In 2007, Cornell University Cooperative Extension (CCE) received an RSA grant to determine the discard mortality in the inshore summer flounder trawl fishery. Fieldwork was carried out successfully from May through October 2007 off Long Island, New York. Ten scientific trips were made on commercial draggers working the traditional inshore mixed trawl fishery. A goal of the project was to determine discard mortality relative to tow time, fish size, and the amount of time fish were on the deck of the vessel. Tows of 1, 2 and 3 hours in duration were conducted. Fish were culled both immediately (from 0-10 minutes on deck) and after being held on deck for a delayed period of time (25-35 minutes on deck). Approximately 20 live fish were removed from the immediate and delayed culls of each tow. These live fish were weighed, tagged, and graded by condition before being transferred to a flow through seawater holding system where they were held on deck for the duration of the trip. The total catch of fluke was weighed and sorted between live and dead at consistent intervals of time to determine the effect of culling time, for as long as it took to clear the deck. Other variables were examined including total catch weight, species composition of total catch, fish condition factors, gear size, water temperature and air temperature. Upon arrival at the dock, live fish were transferred to a dockside net-pen holding system and monitored for mortality over a 14- day period. Discard mortality rates were calculated based on the live/dead fraction of fish sorted on deck as well as the mortality rate of the live fish held in the monitoring net- pen system over the 14-day monitoring period. Mortality rates were calculated by tow time, cull time and overall. Mortality rates for the 1 and 2-hour tows were less than for the 3-hour tows. Mortality at the time of the immediate cull and delayed cull were similar and increased with increasing tow time. The overall median mortality was 78.7% and was similar to the value assumed in recent summer flounder assessments. However overall mean mortality was 64.6% and is 15% less than the value used in recent assessments. Blood was extracted from sample fish and analyzed for cortisol level as an indicator of stress. ANOVAs on the cortisol level were unable to find any significant results thus indicating that blood cortisol is not a predictor of condition or survival. Those fish released after 14 days in the net-pen served as a tagging study component of the project. We continue to receive tag returns and to date have had a 10.4% return of released fish.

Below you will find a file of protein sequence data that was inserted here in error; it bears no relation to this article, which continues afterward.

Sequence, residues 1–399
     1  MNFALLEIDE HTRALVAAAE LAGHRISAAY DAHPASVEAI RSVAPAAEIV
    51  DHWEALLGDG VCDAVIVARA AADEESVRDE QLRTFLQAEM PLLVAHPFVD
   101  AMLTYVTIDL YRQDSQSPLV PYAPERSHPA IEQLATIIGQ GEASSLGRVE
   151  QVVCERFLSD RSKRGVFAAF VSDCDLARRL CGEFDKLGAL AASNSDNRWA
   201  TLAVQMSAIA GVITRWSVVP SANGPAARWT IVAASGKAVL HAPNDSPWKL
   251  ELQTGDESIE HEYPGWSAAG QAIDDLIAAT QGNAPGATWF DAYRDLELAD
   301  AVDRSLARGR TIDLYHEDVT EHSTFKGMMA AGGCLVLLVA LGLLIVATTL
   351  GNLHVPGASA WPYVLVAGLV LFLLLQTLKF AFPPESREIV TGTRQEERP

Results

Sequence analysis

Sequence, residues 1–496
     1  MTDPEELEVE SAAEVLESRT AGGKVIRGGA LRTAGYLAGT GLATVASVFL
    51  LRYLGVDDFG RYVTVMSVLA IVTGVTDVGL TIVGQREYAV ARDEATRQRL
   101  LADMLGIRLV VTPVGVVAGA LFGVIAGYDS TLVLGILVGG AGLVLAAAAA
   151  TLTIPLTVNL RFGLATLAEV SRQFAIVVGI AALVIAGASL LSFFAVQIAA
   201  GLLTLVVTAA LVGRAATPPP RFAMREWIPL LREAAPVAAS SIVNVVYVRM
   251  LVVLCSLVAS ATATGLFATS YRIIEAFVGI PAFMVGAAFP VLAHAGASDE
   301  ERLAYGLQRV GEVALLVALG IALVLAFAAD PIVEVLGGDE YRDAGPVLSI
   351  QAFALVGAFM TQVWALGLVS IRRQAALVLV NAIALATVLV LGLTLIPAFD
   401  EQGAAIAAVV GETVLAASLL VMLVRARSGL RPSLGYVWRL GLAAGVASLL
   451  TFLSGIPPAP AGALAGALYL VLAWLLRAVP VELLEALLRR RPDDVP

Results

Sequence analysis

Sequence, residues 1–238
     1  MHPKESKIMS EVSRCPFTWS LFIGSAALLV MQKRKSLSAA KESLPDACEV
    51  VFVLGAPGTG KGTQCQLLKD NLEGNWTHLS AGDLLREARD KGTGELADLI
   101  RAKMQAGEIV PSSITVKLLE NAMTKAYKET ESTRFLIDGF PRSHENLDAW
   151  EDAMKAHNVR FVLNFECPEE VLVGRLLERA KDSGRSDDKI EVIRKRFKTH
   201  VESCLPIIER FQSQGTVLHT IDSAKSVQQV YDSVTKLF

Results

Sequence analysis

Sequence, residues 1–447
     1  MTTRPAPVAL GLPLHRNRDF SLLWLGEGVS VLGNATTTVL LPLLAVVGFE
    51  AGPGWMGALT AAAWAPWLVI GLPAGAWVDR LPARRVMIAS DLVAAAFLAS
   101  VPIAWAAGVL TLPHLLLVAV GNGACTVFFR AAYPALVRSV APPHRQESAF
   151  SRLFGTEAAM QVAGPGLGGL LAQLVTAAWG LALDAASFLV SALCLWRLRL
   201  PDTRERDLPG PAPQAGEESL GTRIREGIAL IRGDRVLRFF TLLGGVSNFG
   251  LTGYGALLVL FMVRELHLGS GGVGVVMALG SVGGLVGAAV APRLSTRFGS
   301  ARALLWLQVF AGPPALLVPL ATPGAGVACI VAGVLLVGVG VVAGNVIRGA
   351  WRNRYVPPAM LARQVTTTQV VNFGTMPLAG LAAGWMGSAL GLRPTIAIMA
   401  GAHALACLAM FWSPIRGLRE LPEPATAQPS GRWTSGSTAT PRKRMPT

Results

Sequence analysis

In 2009, CCE requested and received authorization to conduct additional fluke discard mortality research on this project with available residual funding. The remaining funds were used to conduct 4 additional modified research trips. During these trips, on deck procedures for sorting the summer flounder catch into live and dead categories for each time interval were conducted. Live summer flounder were not kept for the extended (14 day) mortality monitoring during these supplemental trips. Fieldwork conducted under this project extension was completed as of September 2009. The additional data was incorporated into the statistical analysis as a separate component.
Marine Program Sr. Administrative Assistant SCMELC
631-852-8660 ext. 21
Last updated July 26, 2019